Downtown Cincinnati: Get a Life

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Faced with mounting levels of air pollution and gridlock, local government seems finally to be getting serious about improving mass transit. In Cincinnati terms, this means mass transit is being penciled in on the many amorphous plans for an improved downtown.

Local politicians have long been fond of boasting about Cincinnati's apparent immunity to such big-city curses as smog and heavy traffic. That boast is getting difficult to make these days. And if the improved downtown increases the number of people going to and fro, smog and traffic will only get worse.

A sweeping new mass transit system would not only reduce gridlock, it could also increase the number of visitors downtown. Whereas it's debatable whether new stadiums will attract more sports fans, there are many people who will not come downtown at all because the driving confuses them and finding and paying for parking infuriates them.

Buses might solve these problems, but many Cincinnatians are hesitant to ride because they don't know where to get on or which route to take.

Trains, on the other hand, are like planes: They go from hub to hub. At each station, schedules are posted on the walls for nervous passengers to consult.

But for downtown Cincinnati to succeed, the city needs more than just big, flashy projects.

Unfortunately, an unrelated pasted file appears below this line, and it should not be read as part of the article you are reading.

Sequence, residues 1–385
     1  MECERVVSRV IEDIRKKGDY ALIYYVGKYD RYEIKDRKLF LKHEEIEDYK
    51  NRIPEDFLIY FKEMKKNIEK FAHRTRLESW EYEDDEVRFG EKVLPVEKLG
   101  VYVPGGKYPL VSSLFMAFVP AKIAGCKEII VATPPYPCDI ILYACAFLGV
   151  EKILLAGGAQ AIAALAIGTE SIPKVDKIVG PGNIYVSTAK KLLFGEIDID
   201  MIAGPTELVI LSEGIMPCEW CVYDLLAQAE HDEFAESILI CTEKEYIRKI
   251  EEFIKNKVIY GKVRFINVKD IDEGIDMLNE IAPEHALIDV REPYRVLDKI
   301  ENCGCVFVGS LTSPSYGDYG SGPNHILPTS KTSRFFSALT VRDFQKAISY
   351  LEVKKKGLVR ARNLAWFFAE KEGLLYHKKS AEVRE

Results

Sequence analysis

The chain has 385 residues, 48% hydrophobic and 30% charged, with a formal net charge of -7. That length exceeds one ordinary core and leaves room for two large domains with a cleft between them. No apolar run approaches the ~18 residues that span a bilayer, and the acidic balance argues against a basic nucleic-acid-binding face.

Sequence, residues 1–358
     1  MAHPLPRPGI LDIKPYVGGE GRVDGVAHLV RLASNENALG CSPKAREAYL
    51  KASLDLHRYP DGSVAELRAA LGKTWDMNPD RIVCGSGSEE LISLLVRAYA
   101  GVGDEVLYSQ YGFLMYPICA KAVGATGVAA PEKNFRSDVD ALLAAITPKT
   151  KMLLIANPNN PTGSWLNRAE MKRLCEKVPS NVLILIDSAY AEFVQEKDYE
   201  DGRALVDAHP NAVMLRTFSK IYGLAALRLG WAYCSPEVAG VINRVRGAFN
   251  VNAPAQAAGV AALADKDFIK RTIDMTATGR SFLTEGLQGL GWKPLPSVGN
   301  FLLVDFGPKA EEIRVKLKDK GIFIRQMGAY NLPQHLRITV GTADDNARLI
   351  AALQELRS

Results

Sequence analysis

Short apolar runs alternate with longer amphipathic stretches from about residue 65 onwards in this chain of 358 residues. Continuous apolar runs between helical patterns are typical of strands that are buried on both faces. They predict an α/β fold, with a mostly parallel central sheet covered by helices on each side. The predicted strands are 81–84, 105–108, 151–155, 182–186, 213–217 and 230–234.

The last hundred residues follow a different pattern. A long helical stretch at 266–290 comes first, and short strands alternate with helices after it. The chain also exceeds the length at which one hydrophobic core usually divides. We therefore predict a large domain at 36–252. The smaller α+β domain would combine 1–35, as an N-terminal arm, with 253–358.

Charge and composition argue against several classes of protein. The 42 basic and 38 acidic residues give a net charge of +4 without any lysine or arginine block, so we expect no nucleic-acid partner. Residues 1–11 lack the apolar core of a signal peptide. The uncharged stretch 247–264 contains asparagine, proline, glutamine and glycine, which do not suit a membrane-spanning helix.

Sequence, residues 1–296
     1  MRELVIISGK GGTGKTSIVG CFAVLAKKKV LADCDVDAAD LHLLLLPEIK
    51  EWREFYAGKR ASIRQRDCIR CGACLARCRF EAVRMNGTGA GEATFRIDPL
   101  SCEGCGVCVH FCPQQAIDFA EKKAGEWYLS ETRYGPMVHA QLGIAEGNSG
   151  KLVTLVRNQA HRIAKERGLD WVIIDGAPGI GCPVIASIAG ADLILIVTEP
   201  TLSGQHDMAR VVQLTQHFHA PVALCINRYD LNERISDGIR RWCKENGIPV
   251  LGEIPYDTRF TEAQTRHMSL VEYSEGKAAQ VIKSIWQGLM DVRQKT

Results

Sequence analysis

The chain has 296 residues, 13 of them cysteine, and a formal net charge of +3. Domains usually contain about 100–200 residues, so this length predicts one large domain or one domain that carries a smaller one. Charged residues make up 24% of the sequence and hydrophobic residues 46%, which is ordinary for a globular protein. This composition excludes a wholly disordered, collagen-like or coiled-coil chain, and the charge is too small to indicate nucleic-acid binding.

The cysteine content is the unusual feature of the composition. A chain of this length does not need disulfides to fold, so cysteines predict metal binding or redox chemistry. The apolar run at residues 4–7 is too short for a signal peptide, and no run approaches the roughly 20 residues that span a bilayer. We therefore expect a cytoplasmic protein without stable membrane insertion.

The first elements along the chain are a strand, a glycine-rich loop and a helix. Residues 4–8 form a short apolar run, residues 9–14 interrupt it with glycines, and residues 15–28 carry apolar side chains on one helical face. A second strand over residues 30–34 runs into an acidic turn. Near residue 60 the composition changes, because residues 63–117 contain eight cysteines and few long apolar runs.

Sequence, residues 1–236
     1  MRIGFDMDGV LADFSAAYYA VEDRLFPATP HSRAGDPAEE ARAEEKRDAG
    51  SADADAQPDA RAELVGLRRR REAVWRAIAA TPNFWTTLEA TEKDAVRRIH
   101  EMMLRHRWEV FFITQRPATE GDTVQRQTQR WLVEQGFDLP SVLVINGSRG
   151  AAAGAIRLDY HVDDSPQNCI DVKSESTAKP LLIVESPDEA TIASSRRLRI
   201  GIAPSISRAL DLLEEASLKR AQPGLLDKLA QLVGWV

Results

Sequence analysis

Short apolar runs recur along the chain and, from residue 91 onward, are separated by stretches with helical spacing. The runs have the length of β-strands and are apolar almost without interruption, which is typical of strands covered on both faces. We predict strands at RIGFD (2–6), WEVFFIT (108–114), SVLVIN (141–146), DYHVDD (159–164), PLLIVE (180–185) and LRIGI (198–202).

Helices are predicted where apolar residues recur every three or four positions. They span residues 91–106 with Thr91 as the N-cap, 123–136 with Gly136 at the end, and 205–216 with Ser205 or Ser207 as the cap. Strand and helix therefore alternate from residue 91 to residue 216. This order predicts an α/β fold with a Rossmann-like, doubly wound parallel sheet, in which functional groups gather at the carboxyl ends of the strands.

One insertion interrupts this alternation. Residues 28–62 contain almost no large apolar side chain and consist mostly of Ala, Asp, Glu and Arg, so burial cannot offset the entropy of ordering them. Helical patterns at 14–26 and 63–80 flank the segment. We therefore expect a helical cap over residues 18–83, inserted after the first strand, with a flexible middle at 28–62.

I used to work for a downtown luxury hotel. The guests ­ most of whom visit dozens of cities each year ­ frequently complained that there was nothing to do in Cincinnati. They passed this reputation on to friends and colleagues.

Downtown Cincinnati offers mostly locked doors and dark windows in the evenings and on weekends. There are things to do, certainly, but they're scattered. Some of the best entertainment options are located in Over-the-Rhine, an area that scares away many would-be patrons.

What makes downtown restaurants and clubs interesting is that they're independently owned. But independent ownership also often means they don't have the resources to stay open during slow periods. They have a transient, unpredictable clientele. What they need is the stability of a significant residential population.

I moved downtown two years ago, and the change in my life was profound. Walking to work relieved me of the stress of driving through rush hour traffic or the inconvenience of taking the bus. I had to walk just a block and a half to work, and I used the time saved to sleep later. Eating lunch at home saved money and was more relaxing than being in a noisy restaurant.

But there are also disadvantages to living downtown. There's no supermarket or 24-hour convenience store. Small grocers and markets offer better food than supermarkets but, unless you plan carefully, it's possible to end up with no food and no place close to get any.

It is similarly difficult to go out for a spur-of-the-moment six-pack and snacks. The people most likely to accept these sorts of inconveniences are the young adventuresome types, but most of the housing in the heart of the city is well beyond their budget.

The city could do a few things to break this vicious cycle of low downtown residency and lack of amenities. A supermarket could be given a Lazarus-esque deal in a prime location. Zoning committees could redirect development projects away from the suburbs and toward the city's center.

The money required to encourage growth of downtown residency is nominal compared to what's being spent on stadiums, arts centers, shopping and other attractions. The benefits of a larger downtown residential population would compliment these larger projects.

And, regardless of which mass transit system Cincinnati ultimately chooses, the best way to reduce commuter traffic is to reduce the number of commuters.

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